The MSP model matured further due to the increased availability of third-party RMM and NOC offerings. These allowed service providers to offload labor and budget-intensive infrastructure and tasking to a trusted, reliable and scalable partner—one that will not only maintain the infrastructure and provide support, but also independently advance technology capabilities. These “Master MSPs,” as they came to be called, delivered a combination of technology, SaaS-based solutions, and skilled technical labor at a price point unmatched by in-house operations, driving the total cost of ownership down on MSP infrastructure costs. Providers were poised to reap larger margins from each client account, and were able to rapidly expand their client base as Master MSP partners could scale rapidly to meet new sales acquisitions without growing expenses.
This is the de-facto model for the majority of managed IT services providers today. In the years since this model took hold, more services started to be delivered through this cloud-based model: BDR, network monitoring, and other technologies proved to be increasingly needed and crucial services for small business—all added and supported through Master MSP partnerships that were increasingly profitable.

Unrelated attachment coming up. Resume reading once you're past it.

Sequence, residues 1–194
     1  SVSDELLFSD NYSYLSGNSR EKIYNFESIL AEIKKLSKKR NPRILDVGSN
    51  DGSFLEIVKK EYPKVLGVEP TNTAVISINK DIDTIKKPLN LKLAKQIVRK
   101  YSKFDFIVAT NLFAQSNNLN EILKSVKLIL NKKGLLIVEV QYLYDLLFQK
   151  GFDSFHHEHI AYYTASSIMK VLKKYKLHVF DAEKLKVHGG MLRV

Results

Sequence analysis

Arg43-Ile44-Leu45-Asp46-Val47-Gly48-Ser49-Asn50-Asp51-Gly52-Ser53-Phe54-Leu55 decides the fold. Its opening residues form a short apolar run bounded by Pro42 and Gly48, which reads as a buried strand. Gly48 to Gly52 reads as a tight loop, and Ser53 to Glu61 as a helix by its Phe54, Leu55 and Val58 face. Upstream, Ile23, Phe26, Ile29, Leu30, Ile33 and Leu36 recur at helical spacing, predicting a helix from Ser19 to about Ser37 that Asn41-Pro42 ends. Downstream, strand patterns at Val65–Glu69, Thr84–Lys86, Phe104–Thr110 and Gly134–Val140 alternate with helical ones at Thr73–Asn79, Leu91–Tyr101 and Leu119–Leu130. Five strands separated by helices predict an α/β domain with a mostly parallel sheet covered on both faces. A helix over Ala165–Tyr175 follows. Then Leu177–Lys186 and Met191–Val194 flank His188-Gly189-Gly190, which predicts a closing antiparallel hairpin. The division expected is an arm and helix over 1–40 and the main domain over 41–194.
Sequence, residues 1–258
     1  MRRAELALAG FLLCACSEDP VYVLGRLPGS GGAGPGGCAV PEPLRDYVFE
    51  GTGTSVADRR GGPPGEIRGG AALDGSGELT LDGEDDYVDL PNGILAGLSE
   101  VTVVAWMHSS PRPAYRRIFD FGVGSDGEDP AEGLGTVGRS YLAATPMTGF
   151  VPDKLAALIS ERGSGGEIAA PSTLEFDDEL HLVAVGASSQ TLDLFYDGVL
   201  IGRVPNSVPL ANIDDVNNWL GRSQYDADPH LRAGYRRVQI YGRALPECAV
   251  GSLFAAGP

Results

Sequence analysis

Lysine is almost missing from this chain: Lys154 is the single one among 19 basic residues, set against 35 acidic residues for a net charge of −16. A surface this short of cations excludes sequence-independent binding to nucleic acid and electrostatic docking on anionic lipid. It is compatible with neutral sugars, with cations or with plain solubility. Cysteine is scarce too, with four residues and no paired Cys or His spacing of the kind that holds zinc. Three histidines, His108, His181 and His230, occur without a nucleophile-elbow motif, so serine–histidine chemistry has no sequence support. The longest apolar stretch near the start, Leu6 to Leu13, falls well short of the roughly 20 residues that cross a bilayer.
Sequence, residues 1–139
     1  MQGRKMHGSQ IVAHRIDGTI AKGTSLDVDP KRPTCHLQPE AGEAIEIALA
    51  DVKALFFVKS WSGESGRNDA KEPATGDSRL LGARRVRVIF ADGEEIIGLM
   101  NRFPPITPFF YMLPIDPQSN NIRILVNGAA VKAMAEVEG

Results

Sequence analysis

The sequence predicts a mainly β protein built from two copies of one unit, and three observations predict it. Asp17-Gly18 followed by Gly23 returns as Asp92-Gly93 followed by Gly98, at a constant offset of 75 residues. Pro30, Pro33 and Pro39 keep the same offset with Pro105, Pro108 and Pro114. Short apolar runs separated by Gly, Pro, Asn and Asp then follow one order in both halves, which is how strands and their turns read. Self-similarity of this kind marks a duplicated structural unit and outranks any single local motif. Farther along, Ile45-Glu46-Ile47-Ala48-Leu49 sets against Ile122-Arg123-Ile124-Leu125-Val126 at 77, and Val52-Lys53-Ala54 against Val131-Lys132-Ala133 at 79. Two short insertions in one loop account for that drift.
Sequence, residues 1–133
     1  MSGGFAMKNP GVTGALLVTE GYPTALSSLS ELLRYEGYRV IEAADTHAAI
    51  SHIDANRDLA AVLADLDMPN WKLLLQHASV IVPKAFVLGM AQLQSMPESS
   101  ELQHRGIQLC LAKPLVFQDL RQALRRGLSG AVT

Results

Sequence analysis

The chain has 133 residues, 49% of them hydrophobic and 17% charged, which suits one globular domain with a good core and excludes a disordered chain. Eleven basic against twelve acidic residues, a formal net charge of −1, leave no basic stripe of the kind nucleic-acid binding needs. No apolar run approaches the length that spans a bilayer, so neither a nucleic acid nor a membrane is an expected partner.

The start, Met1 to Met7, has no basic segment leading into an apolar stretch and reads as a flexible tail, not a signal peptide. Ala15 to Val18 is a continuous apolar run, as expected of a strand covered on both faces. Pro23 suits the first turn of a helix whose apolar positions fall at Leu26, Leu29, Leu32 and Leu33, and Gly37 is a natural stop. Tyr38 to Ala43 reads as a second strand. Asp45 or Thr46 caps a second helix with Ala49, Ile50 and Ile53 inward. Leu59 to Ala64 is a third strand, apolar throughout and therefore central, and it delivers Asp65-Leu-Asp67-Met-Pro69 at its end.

However, while this success and growth continued in the channel for years, other dynamics started taking place. Service delivery of RMM and BDR became saturated in the SMB channel market, leading to commoditization and zero-sum customer acquisition (i.e., few net-new, most business coming from customers switching their vendors). While this proved the viability of the managed services model and the success of MSPs in serving their clients, it also led to increased mergers and acquisition activity in order to supplant competitors and increase growth. This activity led to smaller MSPs devoting their practices to specialized niche markets or vertically-aligned industries, while the larger MSPs deliver services at scale to a wider market.
And yet, as the channel seemed ready to calcify into a predictable pattern, change was on the way.
Today: At the Forefront of the Cyber Security Revolution